Harford County’s second annual iCan Bike Camp held its final session Friday, as campers received medals and a certificate signed by Harford County Executive Barry Glassman recognizing their achievements.
Established last summer, the five-day day camp held at the Churchville Recreation Center gives people with disabilities, ages 8 and up, an opportunity to learn and experience the thrill of bike riding.
Campers learn to ride on specially adapted bikes, taught by trained instructors. The training bikes are gradually adjusted over the five-day camp, so the campers can learn at their own pace.
This year’s iCan Bike Camp brought together 30 campers and a number of volunteers who work with the campers as spotters and assist the regular counselors.
This year’s volunteer contingent included three Aberdeen IronBirds pitchers: Zach Matson, Kevin Magee and Jimmy Murphy, who also brought the campers caps donated by the team.
Amanda Dorsey, a former student member of the Harford County Board of Education, returned to volunteer for the second year, joined by two college friends from Washington & Lee University. All three used their vacation time from summer internships to volunteer, Cindy Mumby, spokesperson for Harford County government, said.
The volunteer spotters work with the same camper each day and can end up running more than three miles during a daily training station. Mumby said many volunteers were there every day.
“I was amazed at what I saw,” said Mumby, who attended Friday’s final day. “I think all the participants, campers and volunteers found it to be a joyful, life-changing experience.
Scott Jones of Havre de Grace attended the iCan Bike Camp as a camper in 2017 and decided he wanted to return this year as a camp volunteer.
“Last year I came here as a biker not knowing how to ride a bike,” he said. “Then, this year I am here as a volunteer helping other kids learn how to ride a bike because I wanted to help other kids to learn, too. It makes me feel good inside… seeing this other kid who couldn’t ride a bike, and you feel happy inside because you had that same feeling last year and you get to watch someone else do it this year.”
His mom, Angie Jones, also was a volunteer this year.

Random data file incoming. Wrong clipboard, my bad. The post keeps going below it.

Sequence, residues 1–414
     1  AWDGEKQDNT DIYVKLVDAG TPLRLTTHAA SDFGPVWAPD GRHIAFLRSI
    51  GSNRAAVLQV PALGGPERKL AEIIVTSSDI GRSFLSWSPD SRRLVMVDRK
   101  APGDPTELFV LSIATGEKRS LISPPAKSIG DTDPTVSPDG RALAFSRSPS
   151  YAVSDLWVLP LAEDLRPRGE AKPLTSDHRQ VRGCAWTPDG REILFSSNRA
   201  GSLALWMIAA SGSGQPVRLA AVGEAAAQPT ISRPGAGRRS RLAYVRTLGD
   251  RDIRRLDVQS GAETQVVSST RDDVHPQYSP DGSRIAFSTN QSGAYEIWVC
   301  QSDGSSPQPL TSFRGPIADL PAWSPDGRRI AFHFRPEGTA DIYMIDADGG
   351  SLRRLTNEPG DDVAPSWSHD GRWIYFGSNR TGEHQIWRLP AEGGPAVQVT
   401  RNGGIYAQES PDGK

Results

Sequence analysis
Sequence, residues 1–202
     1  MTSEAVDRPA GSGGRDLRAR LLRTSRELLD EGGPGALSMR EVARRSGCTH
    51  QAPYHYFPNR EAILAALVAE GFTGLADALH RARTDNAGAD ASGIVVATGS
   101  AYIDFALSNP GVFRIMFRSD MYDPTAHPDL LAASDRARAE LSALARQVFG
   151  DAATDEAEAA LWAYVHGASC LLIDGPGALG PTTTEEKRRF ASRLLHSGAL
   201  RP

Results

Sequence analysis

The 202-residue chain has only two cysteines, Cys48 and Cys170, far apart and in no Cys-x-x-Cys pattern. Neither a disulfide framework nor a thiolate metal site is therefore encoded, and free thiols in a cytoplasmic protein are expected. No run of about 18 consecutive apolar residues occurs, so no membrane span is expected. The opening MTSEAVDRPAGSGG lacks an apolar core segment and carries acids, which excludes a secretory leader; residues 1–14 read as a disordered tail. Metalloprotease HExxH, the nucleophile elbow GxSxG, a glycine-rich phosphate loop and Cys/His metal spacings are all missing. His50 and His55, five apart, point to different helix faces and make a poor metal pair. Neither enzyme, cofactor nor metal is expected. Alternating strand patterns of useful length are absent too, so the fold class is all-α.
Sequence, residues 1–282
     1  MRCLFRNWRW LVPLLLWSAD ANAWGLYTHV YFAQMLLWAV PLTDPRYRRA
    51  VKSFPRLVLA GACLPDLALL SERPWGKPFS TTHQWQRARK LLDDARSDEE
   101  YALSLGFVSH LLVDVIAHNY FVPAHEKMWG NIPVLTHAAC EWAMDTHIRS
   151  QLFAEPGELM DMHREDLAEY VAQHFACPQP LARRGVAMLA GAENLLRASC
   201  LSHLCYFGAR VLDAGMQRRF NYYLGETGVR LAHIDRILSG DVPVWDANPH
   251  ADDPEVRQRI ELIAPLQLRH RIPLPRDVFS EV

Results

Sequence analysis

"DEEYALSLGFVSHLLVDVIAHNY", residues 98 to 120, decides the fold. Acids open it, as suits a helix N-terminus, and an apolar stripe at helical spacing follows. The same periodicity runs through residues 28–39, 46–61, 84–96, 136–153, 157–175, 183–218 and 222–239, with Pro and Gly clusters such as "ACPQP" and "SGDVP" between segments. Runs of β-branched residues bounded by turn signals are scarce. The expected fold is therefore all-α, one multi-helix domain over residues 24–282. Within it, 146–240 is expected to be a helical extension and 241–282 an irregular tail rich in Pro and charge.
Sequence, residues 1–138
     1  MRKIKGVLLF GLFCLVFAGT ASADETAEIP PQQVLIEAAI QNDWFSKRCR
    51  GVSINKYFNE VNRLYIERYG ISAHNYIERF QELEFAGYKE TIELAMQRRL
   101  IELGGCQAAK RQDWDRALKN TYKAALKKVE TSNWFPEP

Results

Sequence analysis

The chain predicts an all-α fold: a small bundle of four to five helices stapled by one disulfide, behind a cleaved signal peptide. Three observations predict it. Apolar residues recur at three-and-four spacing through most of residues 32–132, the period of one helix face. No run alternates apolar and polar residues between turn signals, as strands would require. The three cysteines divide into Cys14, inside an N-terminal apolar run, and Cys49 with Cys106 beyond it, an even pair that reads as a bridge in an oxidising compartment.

“Last year Scott was a rider here at camp and the day we finished camp we went home and started riding bikes in our neighborhood, and now it’s something we do all the time,” she said. “So, it was his idea when he saw the bike camp advertised, he said, ‘Mom, we have to go volunteer because, you know I learned there last year,’ and so who can say no to that?”
“Originally we signed up for one session because I wasn’t sure physically if we could handle it,” Angie Jones said. “It turns out one of his friends was in the next session, so to be a motivator for her, we signed up for that one to be her helper.”
“It makes my heart so full, that my son appreciated someone doing it for him and it feels great to give back, it really feels great to give back,” she added.
The camp is overseen by Rachel Harbin, coordinator of the county’s Office of Disability Services.
According to Mumby, the Harford camp is modeled on a program created by iCan Shine Inc., a Pennsylvania nonprofit charitable organization which has helped more than 20,000 people with disabilities experience the joy of bike riding. In addition to bike riding, iCan shine offers swimming and other learning opportunities in recreational activities for people with disabilities, according to its website.
The Glassman administration subsidized the majority of the camp costs, which run about $250 per camper, Mumby said. Families pay $50 per camper. By keeping the cost down for participants, several families were able to purchase bikes, some with special equipment, Mumby said. (The camp does not sell bikes.)
The iCan Bike camp is part of the county executive’s initiative to increase recreational opportunities for citizens with disabilities.
In April, the county opened a “sensory trail” at Schucks Regional Park, near Harford Community College, to give people with disabilities opportunities to enjoy the outdoors.
The county administration also has provided land at Schucks Regional Park for the Miracle League of Harford County, a local nonprofit, to construct a specially adapted baseball field for special needs children. The group is in the process of raising funds to build the ballfield.